Advancements in Inductively Coupled Plasma Chemical Vapour Deposition (ICPCVD) with a Focus on Temperature-Sensitive Devices

The capability of depositing high-density dielectric films at temperatures less than 150°C has been gaining traction, particularly in temperature-sensitive devices like OLEDs.

Deposition processes developed by Oxford Instruments using ICP-CVD techniques enable the depositing of high quality films with high-density plasma and at low deposition temperatures and pressures.

This capability results in improved film stoichiometry, minimal radiation damage through direct ion-surface interaction, reduced film contamination, and elimination of device degradation at elevated temperatures.

Previously, silane gas has been used as the silicon source to deposit materials using the ICP-CVD technique. However, recently Oxford Instruments has developed new materials and processes at temperatures less than 150°C based on its expertise in ICPCVD and its ability to handle non-gaseous precursors.

TEOS-based SiO2 in ICPCVD

Silicon dioxide (SiO2) deposition is a key process in the manufacture of devices. There are several techniques available, including PECVD, LPCVD, APCVD, for SiO2 deposition. N2O and silane are normally used in the deposition of the SiO2 layer. Pure oxygen is not used owing to its high reactivity with SiH4. SiO2 deposition with PECVD using silane gas is commonly employed for applications where conformality is secondary.

TEOS (tetraethoxysilane, tetraethyl orthosilicate) is used in place of silane to achieve good conformal coverage. Around 85% conformal step coverage can be achieved with TEOS-based PECVD, which is also capable of controlling the level of step coverage through control over the oxygen radicals in the plasma in order to change deposition directionality.

Oxford Instruments has used the ICPCVD technique in a similar way for SiO2 deposition using TEOS and oxygen at temperatures less than 150°C, which is much lower when compared to the PECVD technique.

Additionally, higher aspect ratio structures can be coated using the ICPCVD technique at low pressures and with the option of supplying RF bias to the lower electrode. Adjusting ICP/RF power enables controlling the stress of the TEOS-based SiO2 film from tensile to compressive. Typical results and properties of the ICPCVD-deposited TEOS-based SiO2 are presented in Figure 1 and Table 1.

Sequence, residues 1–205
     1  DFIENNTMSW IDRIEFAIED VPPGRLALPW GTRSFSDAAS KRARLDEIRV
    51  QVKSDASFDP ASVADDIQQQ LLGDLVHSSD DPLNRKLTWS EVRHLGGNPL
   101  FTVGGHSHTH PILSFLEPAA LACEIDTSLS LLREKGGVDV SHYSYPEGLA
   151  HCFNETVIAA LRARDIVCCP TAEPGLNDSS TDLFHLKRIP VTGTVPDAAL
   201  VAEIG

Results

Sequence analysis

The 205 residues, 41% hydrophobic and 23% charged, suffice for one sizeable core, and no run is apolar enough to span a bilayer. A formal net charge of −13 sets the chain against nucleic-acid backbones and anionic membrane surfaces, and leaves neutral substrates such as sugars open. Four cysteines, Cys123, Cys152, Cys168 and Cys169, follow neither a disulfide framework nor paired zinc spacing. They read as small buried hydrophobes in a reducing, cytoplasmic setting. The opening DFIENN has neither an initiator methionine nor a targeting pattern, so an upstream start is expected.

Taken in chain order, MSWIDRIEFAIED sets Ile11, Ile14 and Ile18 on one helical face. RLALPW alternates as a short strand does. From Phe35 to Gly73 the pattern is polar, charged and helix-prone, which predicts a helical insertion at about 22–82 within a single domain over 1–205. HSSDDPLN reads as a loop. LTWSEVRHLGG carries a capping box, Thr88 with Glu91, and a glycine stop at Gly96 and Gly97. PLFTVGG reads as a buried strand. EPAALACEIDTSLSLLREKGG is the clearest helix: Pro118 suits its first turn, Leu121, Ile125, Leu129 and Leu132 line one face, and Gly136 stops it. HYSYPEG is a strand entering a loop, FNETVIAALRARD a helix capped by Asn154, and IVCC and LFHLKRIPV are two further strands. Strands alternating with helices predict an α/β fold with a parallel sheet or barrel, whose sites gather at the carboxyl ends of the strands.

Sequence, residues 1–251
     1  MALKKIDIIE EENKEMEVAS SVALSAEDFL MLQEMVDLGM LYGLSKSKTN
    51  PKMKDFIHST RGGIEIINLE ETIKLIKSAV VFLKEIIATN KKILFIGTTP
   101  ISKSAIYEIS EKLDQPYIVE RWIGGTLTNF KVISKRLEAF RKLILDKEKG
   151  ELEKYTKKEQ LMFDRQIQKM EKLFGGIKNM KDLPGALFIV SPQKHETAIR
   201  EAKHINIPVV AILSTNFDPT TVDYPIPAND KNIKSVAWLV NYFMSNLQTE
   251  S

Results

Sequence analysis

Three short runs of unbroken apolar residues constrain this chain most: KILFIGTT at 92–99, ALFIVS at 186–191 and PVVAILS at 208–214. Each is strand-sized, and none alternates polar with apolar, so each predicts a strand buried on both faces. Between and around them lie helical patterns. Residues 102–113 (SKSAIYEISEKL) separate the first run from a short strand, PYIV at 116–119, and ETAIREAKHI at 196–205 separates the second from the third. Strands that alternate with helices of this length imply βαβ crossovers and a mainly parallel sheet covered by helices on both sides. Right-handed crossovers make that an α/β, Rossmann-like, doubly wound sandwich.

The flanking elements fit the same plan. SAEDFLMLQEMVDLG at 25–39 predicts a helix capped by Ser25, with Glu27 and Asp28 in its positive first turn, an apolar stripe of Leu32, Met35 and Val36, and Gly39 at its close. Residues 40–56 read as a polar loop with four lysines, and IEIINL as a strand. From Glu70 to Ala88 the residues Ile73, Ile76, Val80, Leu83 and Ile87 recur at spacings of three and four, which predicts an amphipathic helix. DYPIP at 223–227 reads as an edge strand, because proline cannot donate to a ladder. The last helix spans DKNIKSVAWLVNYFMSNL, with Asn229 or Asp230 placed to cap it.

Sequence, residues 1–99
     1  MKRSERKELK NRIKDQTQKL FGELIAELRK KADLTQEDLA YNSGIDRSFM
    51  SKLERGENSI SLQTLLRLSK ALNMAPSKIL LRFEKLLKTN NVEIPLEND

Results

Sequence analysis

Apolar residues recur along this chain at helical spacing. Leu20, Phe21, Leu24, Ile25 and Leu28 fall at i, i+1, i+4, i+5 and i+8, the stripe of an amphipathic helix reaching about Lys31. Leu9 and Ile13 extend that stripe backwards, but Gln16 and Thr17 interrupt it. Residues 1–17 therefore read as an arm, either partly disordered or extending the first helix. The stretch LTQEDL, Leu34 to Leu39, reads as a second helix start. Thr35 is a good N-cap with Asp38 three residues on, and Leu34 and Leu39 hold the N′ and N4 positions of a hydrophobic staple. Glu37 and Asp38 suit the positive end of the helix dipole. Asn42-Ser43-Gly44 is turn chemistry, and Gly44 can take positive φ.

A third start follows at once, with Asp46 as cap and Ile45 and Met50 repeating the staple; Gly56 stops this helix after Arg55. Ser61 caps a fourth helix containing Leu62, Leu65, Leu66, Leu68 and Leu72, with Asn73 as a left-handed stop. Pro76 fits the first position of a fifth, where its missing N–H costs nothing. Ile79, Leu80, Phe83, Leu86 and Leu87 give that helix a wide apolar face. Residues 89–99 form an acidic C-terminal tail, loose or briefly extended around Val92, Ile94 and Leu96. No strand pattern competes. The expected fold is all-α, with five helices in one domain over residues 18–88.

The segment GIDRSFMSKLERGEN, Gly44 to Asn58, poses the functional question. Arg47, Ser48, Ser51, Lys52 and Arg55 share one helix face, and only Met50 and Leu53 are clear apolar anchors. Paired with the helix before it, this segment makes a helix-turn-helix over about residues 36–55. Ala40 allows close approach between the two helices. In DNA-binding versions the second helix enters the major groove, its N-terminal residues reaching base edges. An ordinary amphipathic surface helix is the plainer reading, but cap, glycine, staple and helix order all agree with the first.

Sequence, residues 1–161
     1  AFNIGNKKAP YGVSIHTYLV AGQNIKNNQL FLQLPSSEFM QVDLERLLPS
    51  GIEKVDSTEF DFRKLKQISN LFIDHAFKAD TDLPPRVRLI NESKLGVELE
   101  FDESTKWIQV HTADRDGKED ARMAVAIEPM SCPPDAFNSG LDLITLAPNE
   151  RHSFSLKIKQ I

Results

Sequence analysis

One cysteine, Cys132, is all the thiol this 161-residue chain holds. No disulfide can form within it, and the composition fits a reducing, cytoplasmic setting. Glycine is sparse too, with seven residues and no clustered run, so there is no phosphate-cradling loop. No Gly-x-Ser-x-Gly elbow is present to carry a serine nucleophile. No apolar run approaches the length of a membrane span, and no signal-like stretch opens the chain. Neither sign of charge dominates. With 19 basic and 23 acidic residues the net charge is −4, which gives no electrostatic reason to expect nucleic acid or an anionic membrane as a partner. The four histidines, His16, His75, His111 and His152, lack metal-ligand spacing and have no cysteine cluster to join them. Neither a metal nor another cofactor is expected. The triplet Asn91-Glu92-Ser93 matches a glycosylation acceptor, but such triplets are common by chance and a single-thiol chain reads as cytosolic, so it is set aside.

SEM showing ICPCVD TEOS-based SiO2 deposited at 100°C on structures with trench width of ~12µm, depth of ~50µm, and hence aspect ratio of ~4:1.

Figure 1. SEM showing ICPCVD TEOS-based SiO2 deposited at 100°C on structures with trench width of ~12µm, depth of ~50µm, and hence aspect ratio of ~4:1.

Table 1. ICPCVD TEOS-based SiO2 - Typical film properties

Process Parameter TEOS based SiO2
Deposition Rate >15nm/min
Film thickness Uniformity <+/-5% (150mm)
Refractive Index 1.46
Film Stress ±300MPa
Wet Etch rates (10:1 BHF, 20°C)
<1.5µm/min at deposition temperature 100°C

TiO2 Deposition Using the ICPCVD Technique

The thermal- and chemical-resistance properties of titanium dioxide films make them suitable for a myriad of applications, including:

  • Biocompatible coatings
  • Surface passivation
  • Ultra-thin film high-k insulators in integrated circuits (ICs)

Antireflection coatings are applied on glass using TiO2, thanks to its high refractive index. TiO2 also holds potential to impart photocatalytic surface property, and to serve as a photoanode layer in nanocrystalline solar cells. Poly-crystalline TiO2 is the most commonly available form of TiO2. Many different vapour deposition techniques are available for the fabrication of high quality poly-crystalline TiO2 films.

Low film growth temperatures are one of the advantages of using the CVD technique. However, the process requires substrate heating or post-deposition annealing due to the formation of anatase and rutile at 350°C and 800°C, respectively. This requirement puts limitation on some of the applications of poly-crystalline TiO2, particularly for temperature-sensitive materials such as polymers.

Oxford Instruments has used the ICPCVD technique for amorphous TiO2 deposition at much lower temperatures of less than 100°C. Titanium (IV) Isopropoxide (TTIP) has been used as the source of Ti for the TiO2 layer deposition using oxygen. Typical results of the ICPCVD-deposited TiO2 layer are shown in Figure 2 and Table 2.

SEM showing ICPCVD TiO2 deposited at 80ºC on a structure with an isolated~1µm step height.

Figure 2. SEM showing ICPCVD TiO2 deposited at 80ºC on a structure with an isolated~1µm step height.

Table 2. TiO2 - Typical film properties

Process Parameter TiO2 at <100°C
Deposition Rate 3-6nm/min
Refractive Index 1.8-2.1
Film Stress
-200MPa compressive to +400MPa tensile

Conclusion

Oxford Instruments plans further research for layer deposition at temperatures nearing room temperature. The recent developments discussed in this article have demonstrated the ability of the ICPCVD technique to produce films with superior quality and properties at low temperatures. Many manufacturers have realized the advantages of the ICPCVD technique, and are showing interest to use this technique in place of the traditional PECVD technique.

This information has been sourced, reviewed and adapted from materials provided by Oxford Instruments Plasma Technology.

For more information on this source, please visit Oxford Instruments Plasma Technology.

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